Babe Ruth

Babe Ruth's Comeback

Legendary New York Yankees rookie Tony Lazzeri

After the 1925 season, it was hard to find a sportswriter -- or anyone, for that matter -- who didn't view the career of Babe Ruth as over.

He was 31 years old, and an "old 31," as sports columnist Fred Lieb had said. He had already set a barrel full of batting records, with 356 career home runs, over 1,000 career RBI, and a batting average of .345. If the experts of the time had been right in their assessment that he was through, Ruth would still merit a spot on many all-time teams.


But they were dead wrong. No one of his time really seemed to understand Ruth. They had overestimated his maturity in his earlier years, and they underestimated it in 1926. Ruth was still growing up, still becoming the man that Brother Matthias saw in him 25 years before -- and he had a major comeback in store.

Ruth's New Regimen

Ruth decided he needed to get in shape. He put himself under the punishing care of Manhattan gym owner Artie McGovern. McGovern was a stern taskmaster. Upon his arrival, Babe weighed in, tipping the scales at a portly 256 pounds. By the time he left for spring training, he was a slender and powerful 212.

With four-hour workouts every day and strict supervision of Ruth's diet, McGovern had the Babe looking and feeling like the "keed" who had torn baseball apart in 1920 and 1921. Ruth's blood pressure improved; he lost nine inches off his waistline and six off his hips. By mid-January he had to order a whole new shirt wardrobe; the collars on his old ones were too large.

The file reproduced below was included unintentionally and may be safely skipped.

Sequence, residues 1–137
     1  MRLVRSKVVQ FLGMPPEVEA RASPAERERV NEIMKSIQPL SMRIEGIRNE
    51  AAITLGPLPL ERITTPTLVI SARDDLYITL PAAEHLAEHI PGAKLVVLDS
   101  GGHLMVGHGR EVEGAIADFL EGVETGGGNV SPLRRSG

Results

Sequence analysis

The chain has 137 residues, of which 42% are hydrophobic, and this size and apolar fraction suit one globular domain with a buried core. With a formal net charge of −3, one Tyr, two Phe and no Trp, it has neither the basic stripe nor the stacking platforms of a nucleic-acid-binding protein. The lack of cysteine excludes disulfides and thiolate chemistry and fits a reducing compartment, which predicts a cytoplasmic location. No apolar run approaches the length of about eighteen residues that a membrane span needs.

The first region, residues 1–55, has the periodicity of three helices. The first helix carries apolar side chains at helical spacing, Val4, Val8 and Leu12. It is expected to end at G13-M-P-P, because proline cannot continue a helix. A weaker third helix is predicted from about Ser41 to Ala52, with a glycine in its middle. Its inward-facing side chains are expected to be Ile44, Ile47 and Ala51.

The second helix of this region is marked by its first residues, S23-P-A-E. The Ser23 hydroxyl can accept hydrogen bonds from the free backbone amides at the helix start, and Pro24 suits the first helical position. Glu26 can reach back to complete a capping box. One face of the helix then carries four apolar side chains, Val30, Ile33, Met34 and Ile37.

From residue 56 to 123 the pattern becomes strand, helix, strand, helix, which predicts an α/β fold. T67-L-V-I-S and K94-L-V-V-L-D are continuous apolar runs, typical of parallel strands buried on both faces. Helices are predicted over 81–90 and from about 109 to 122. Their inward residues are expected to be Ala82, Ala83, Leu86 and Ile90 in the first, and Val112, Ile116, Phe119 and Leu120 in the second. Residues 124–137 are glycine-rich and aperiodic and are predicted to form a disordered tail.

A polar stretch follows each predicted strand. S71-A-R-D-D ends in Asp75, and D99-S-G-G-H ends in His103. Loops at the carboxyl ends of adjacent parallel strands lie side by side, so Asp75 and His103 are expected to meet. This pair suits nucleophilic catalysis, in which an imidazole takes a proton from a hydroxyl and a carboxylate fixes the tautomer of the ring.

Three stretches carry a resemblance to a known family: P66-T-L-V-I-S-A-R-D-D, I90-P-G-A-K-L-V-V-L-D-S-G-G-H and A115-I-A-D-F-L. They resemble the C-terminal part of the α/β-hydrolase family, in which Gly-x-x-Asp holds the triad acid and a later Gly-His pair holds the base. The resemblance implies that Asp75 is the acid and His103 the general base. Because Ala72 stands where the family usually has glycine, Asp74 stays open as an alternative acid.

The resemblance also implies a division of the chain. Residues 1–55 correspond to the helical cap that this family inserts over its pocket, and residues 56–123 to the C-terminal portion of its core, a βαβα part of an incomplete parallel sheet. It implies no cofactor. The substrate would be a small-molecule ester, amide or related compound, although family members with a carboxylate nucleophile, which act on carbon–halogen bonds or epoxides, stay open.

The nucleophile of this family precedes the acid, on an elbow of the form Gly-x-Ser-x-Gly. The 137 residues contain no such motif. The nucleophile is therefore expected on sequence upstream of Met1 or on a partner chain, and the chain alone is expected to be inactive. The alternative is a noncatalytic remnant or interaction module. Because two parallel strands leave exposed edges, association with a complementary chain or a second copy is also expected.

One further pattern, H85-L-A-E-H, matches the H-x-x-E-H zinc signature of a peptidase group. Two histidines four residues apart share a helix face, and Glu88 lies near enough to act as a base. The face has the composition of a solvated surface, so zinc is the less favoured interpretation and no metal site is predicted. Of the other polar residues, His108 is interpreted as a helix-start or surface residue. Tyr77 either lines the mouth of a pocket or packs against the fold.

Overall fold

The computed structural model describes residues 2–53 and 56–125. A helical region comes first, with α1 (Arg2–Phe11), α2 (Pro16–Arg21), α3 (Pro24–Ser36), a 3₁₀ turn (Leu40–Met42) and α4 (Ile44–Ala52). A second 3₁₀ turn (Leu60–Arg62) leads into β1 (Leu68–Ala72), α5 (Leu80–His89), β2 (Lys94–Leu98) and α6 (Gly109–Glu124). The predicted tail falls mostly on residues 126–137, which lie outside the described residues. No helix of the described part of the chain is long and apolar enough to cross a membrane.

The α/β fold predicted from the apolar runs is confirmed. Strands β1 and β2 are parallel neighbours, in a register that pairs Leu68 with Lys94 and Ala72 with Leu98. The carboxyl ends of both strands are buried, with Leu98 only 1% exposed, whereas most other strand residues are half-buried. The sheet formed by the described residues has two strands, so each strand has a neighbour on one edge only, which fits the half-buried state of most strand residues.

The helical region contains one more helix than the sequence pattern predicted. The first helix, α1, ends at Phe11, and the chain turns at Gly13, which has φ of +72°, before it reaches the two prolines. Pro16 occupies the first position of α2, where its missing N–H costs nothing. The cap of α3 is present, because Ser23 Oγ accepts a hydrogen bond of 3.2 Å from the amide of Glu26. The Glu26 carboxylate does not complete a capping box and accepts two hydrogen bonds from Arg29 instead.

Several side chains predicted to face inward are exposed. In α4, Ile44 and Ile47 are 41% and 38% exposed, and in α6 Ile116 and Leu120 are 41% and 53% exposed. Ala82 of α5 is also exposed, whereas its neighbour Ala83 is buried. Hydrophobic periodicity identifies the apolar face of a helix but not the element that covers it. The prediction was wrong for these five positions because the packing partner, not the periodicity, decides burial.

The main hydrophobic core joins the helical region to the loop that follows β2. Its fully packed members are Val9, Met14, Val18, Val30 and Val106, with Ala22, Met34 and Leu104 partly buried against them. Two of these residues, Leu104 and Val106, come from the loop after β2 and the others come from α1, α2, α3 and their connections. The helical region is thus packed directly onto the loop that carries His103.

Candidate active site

The 1926 Yankees

The 1926 Yankees were a team of potential but with a host of question marks. They had two rookies at the vital keystone positions: Mark Koenig and Tony Lazzeri. Lazzeri was already a bit of a legend himself. At that time, he was the only person in professional baseball history who had hit more home runs in a season than Babe Ruth.

In 1925, over the course of 197 games in the Pacific Coast League, Lazzeri had belted 60 homers. As a rookie, Lou Gehrig had established himself at first, but his .295 batting average and 20 home runs were hardly legend material (not yet, anyway). The pitching staff was downright old. Waite Hoyt, at 26, was the youngest starter (the next in line was six years his senior).

When the Yankees lost their first two spring training games to the Braves by a total of 28 runs, the "experts" jumped on the bandwagon. They were still wearing egg on their faces for predicting the 1925 team would finish first before it finished seventh. Writer Westbrook Pegler trumpeted that the 1926 Yankees were "the worst team he ever saw" and were "sure to finish in last place."